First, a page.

[00:24:20] Mark: So taking a practical example, we do this ourselves. So we analyse and compute a whole bunch of segments, for example, for our customers and for our prospects where we looking at, how they use our website and looking at how they interact with content we publish, we can, from that deduce things like, what parts of what we do, could they be interested in, what is maybe their channel kind of preference, depending on the level of interaction they’ve had, for example, you know, how much of a promoter are they of what we do and all these kinds of things. Now that’s all well and good being in the warehouse, it’s sitting in BigQuery or whatever, but what if that was sitting in say, HubSpot or sitting in other systems we use or being used, so maybe find lookalike audiences in Facebook, for example. So in the past it would have been stuck in the warehouse or you’d have to use a tool, like say segment personas to try and build a CDP in there. But now can we take the data sitting in the warehouse and can we then through batch or whatever, feed that directly into HubSpot.

[00:25:12] Mark: Or can we use that to actually drive decision-making, automating decision-making in the business, which is great because it’s about getting value from the data and so on. The danger a little bit with that is it’s probably the scariest thing you possibly do because the data warehouse is not a system of record, and it’s certainly not governed and maintained and managed in the same way that say your financial system is. So it’s the idea of activating your data and using it to actually drive activity is interesting, but it’s really being done by people who don’t really understand, or don’t really have the responsibility to think about, well, what can happen if this goes wrong? We do that ourselves, but it’s one thing to pick the wrong Facebook audience but then you wouldn’t necessarily want to take more kind of concrete actions based on that. But that’s the other part of it, really, the idea of data activation.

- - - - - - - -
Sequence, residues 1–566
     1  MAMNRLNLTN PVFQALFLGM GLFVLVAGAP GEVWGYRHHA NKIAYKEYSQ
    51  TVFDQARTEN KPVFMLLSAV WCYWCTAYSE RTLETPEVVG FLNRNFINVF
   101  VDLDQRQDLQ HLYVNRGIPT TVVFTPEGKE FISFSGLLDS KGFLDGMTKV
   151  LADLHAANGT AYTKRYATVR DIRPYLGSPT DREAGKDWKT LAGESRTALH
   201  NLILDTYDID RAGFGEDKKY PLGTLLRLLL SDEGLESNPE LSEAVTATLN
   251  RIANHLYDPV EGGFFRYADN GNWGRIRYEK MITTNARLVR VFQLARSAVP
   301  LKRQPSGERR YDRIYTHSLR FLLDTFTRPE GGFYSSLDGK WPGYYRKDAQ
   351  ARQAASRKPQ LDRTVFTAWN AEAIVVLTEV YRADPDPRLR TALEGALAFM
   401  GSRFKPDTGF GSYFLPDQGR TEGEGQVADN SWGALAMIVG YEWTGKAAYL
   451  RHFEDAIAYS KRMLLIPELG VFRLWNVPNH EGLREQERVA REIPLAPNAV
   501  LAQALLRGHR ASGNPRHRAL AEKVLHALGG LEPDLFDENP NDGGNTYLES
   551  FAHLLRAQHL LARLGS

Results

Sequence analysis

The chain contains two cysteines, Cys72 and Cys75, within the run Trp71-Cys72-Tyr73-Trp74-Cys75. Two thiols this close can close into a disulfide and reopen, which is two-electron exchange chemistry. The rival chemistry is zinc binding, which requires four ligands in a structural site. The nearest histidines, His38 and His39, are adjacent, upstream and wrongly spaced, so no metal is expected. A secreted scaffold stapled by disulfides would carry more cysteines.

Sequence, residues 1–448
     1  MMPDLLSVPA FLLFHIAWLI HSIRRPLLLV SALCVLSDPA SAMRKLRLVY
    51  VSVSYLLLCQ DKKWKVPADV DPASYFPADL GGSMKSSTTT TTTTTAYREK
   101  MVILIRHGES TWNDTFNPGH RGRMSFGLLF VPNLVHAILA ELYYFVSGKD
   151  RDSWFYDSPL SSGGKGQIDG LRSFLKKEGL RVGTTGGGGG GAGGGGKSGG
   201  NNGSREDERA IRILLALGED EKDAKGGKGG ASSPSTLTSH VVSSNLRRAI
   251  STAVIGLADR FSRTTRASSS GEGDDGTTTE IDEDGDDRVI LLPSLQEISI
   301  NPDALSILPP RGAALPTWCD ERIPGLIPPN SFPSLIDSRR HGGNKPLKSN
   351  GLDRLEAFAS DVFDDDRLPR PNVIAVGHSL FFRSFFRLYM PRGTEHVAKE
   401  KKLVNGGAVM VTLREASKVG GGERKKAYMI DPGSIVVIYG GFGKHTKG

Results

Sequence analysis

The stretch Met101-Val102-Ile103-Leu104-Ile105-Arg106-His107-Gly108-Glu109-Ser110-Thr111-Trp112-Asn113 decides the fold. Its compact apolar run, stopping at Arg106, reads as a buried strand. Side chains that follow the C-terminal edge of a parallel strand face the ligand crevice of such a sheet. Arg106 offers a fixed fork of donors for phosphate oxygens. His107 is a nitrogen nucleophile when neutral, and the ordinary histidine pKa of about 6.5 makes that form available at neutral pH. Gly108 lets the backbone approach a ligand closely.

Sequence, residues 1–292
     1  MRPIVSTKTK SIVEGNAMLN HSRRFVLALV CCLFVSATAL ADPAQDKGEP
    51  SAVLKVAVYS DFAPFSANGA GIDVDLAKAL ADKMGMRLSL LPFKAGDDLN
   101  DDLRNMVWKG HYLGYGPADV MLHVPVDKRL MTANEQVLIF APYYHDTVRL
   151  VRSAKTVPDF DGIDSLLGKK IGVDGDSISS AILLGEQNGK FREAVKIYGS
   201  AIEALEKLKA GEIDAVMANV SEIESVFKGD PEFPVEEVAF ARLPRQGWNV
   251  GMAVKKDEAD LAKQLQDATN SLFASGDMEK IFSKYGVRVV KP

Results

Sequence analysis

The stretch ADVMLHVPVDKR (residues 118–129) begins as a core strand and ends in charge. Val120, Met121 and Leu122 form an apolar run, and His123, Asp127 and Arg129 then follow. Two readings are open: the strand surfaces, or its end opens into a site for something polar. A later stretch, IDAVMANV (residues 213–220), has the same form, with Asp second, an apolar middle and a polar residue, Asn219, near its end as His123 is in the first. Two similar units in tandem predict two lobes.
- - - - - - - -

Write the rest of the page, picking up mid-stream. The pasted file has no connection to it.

[00:25:56] Daniel: Yeah, for sure the ‘so what’ factor is a really, really good way of putting it and I don’t know if we’ve got time today, but I’d love to chat to you a bit more Mark, especially around how, around that kind of, or non-governance of that, especially around things like consent and privacy and the difference between this kind of reverse ETL and a CDP and where those are going but maybe for another time we’ll bank that for episode two.

[00:26:16] Dara: Okay amazing. Thank you, Mark. This is the bit in the show, I think you’ve listened to our show. So you probably know what’s coming. You’ve maybe had a chance to think about this, but this is where we ask the really difficult question of what you’ve been doing outside of work lately to wind down. So what do you do when you’re not thinking about the modern data stack?

[00:26:31] Mark: So the true answer is because I spend most of my day managing the business and liaising with customers. What I do in my spare time is build out our warehouse and write articles on the modern data stack in some respects, when you’re running a business the one thing you don’t get to do is the thing that you find interesting. Other stuff I do is do a lot of cycling, so most weekends I’m out and the other thing I do, which is always fun, people were a bit surprised but I still do DJing because I used to be a DJ in Brighton years ago. So I still do that as well, I have my SoundCloud account and put mixes out there and that sort of thing. But yeah, other than that, generally, most of it is actually kind of still playing around with this technology because twenty-five years later, I still find this fascinating and I still, you know, more than anything I love tinkering with all this and building out new capabilities and writing about it.

[00:27:10] Dara: Brilliant what about you, Dan? What have you been doing lately to wind down?